Out West Arts: Performance at the end of the world

Opera, music, theater, and art in Los Angeles and beyond

Knock Three Times

October 20, 2010

Members of The L.A. Phil New Music Group with Jeffrey Milarsky Photo: mine 2010

The Los Angeles Philharmonic’s “Green Umbrella” series devoted to contemporary classical music kicked off its new season on Tuesday. And while newer music no longer shares quite the pride of place it once did for the organization as a whole, Tuesday’s program was a significant and enjoyable one. It featured works from the three composers who founded Bang on a Can, the New York-based collective for the support, composition, and performance of contemporary music. Bang on a Can is known for many things including their annual marathon concerts. In fact there are few organizations or individuals that have played as large a role in this area, and hearing a much shorter program of the music of Michael Gordon, Julia Wolfe, and David Lang was a nice East Coast moment here by the Pacific. (Though, to be fair, it should be noted that Lang is an L.A. native)

First up was a movement from Gordon’s Weather, a work that the composer notes was inspired by chaotic weather patterns. Scored for a small string ensemble, Weather drew on Baroque techniques, in particular the use of canons, in a modern way that sounded equal parts Arvo Pärt and American minimalism. Although the piece consisted of small repeating units that changed over time through small variations while overlapping one another, it wouldn’t be mistaken for the music of Reich or Glass. Gordon has produced a large and diverse body of work that is not unfamiliar to Los Angeles audiences including Decasia, which was commissioned by the Los Angeles Philharmonic and seen here in both 2006 and 2008, as well as the opera What to Wear presented at REDCAT (where else) in 2006 to a libretto by Richard Foreman. Next on Tuesday’s agenda were two quartets from Julia Wolfe. The second, Early That Summer, was for a traditional string quartet. But the first and perhaps more surprising piece was Dark Full Ride for four drum kits. Wolfe fully exploited the physicality involved in this instrumentation, and the sequences of cymbals and kick drums connected with a very receptive audience.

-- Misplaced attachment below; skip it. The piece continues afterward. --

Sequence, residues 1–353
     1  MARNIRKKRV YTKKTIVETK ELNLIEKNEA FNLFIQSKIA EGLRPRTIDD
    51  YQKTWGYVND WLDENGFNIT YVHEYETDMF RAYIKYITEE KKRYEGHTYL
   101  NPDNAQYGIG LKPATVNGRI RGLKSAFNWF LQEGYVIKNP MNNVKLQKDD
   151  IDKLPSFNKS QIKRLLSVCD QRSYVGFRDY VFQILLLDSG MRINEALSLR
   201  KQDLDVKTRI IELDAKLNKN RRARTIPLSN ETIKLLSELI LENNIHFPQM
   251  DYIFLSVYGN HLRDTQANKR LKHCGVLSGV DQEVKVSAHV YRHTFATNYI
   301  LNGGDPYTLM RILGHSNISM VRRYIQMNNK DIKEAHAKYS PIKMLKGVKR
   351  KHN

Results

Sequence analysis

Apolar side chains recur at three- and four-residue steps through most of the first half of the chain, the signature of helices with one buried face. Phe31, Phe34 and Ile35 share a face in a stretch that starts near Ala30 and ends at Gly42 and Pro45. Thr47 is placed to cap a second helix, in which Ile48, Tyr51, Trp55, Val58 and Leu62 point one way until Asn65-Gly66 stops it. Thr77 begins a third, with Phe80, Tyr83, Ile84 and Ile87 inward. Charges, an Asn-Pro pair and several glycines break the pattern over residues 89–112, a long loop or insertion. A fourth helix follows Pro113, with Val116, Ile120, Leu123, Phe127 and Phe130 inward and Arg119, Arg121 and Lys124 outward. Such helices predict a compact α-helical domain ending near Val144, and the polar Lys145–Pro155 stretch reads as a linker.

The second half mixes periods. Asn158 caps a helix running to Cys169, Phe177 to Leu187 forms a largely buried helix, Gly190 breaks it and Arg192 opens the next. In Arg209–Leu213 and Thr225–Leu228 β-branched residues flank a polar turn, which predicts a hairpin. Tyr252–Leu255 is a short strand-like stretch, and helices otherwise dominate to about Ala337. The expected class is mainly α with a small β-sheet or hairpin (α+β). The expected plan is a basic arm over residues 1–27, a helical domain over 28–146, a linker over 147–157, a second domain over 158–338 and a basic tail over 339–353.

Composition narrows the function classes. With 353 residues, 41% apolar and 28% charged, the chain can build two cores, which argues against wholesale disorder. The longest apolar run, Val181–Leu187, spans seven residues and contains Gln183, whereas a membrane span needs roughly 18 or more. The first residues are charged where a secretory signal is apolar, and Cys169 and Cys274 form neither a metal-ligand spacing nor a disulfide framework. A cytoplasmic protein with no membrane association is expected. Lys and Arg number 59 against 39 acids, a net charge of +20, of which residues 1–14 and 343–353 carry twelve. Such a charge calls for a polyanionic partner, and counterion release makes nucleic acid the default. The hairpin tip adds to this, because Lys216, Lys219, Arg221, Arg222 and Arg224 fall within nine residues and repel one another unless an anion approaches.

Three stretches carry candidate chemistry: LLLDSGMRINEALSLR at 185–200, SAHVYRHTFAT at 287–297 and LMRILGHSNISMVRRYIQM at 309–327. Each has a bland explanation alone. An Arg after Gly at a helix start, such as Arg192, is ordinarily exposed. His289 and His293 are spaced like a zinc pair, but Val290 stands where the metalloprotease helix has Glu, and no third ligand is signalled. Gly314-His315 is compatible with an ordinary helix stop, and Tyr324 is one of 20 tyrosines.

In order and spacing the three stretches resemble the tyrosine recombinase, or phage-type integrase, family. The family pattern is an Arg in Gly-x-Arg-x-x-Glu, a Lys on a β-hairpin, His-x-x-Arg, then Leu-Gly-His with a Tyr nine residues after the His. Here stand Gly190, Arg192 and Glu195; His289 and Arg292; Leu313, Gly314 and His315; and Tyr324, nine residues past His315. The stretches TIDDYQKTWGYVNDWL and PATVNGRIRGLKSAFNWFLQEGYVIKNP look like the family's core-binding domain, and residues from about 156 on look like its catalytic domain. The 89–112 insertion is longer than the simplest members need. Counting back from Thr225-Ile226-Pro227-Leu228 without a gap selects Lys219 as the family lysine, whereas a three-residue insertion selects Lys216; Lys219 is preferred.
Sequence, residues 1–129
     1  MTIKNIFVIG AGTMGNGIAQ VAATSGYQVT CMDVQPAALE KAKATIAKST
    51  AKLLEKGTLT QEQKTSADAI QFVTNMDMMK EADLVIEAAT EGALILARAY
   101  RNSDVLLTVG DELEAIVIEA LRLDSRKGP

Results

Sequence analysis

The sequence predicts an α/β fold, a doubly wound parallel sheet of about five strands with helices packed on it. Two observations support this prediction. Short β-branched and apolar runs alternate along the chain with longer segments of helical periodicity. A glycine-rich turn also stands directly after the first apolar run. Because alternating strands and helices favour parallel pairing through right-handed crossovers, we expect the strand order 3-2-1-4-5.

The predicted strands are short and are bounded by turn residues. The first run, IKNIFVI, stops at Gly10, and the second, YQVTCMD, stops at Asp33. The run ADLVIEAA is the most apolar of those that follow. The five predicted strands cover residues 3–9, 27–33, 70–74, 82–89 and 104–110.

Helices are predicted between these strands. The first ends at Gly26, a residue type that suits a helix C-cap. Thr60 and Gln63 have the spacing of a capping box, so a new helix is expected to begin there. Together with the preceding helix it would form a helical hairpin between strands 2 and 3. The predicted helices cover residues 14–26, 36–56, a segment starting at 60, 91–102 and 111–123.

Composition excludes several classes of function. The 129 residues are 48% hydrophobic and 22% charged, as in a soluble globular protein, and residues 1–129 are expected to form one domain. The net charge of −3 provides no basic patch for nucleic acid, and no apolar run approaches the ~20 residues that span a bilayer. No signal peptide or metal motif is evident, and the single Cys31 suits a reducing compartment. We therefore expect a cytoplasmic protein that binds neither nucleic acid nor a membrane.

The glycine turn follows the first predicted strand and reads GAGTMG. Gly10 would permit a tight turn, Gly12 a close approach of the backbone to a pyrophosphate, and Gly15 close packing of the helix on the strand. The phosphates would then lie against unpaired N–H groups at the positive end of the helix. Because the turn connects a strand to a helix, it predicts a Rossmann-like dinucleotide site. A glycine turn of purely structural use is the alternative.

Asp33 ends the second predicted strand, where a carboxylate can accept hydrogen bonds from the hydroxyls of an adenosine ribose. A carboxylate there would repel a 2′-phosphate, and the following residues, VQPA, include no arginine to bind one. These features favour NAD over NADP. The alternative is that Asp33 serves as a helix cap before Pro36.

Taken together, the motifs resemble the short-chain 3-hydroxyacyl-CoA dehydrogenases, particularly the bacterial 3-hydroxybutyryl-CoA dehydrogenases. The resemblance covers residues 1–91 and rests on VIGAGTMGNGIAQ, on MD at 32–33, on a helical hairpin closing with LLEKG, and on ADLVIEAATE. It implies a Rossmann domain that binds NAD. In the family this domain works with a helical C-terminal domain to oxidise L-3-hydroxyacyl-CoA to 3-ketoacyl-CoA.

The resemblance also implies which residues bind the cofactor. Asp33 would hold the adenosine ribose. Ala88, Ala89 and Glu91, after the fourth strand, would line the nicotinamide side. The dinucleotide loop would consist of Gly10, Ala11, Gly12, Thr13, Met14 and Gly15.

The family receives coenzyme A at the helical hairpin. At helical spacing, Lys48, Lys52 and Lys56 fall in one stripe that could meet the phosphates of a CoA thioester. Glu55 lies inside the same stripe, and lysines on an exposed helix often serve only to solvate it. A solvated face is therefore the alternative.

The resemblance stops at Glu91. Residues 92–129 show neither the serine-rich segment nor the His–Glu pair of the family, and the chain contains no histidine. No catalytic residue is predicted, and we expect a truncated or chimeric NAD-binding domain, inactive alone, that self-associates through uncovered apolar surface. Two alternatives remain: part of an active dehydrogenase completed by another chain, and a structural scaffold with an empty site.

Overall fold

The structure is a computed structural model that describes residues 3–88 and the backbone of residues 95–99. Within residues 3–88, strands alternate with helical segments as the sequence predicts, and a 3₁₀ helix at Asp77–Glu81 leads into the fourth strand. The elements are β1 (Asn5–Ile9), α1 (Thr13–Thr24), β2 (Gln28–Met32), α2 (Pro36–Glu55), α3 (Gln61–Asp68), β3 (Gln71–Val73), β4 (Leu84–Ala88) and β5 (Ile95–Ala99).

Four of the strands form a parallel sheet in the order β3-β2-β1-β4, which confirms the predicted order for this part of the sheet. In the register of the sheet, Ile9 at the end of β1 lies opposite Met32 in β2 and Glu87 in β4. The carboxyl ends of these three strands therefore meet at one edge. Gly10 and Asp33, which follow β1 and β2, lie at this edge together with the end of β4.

Perhaps my favorite works of the evening, though, belonged to David Lang whose career has been on quite a tear lately since winning the Pulitzer Prize for the little match girl passion in 2008. He’s having a big year in Los Angeles where match girl will receive a local premiere from Jacaranda in January and where his opera The Difficulty of Crossing a Field will be presented by Long Beach Opera in June. The first of two pieces Tuesday was a setting of the Velvet Underground song “Heroin” by Lou Reed for male voice and solo cello. The idea was excellent providing a new and revealing context for Reed’s own poetry. There was a video accompaniment by Doug Aitken, that I wasn’t convinced was completely necessary, but Gloria Lum’s sad cello in contrast to the vocal performance by Theo Bleckmann was great. The evening concluded with Lang's Piercedwhich was originally commissioned by Real Quiet, the piano, cello and bass trio—with small string ensemble accompaniment. It’s rhythmically complicated and has an American sound verging on the jazz-influenced but also not oblivious to the contributions of American minimalism. Highly seductive, the piece seems much larger than it is without dramatic pounding and grunting. It was a strong finish to a brief snapshot of the rich musical legacy Bang on a Can and its founder's have created. And it didn't even take all day.


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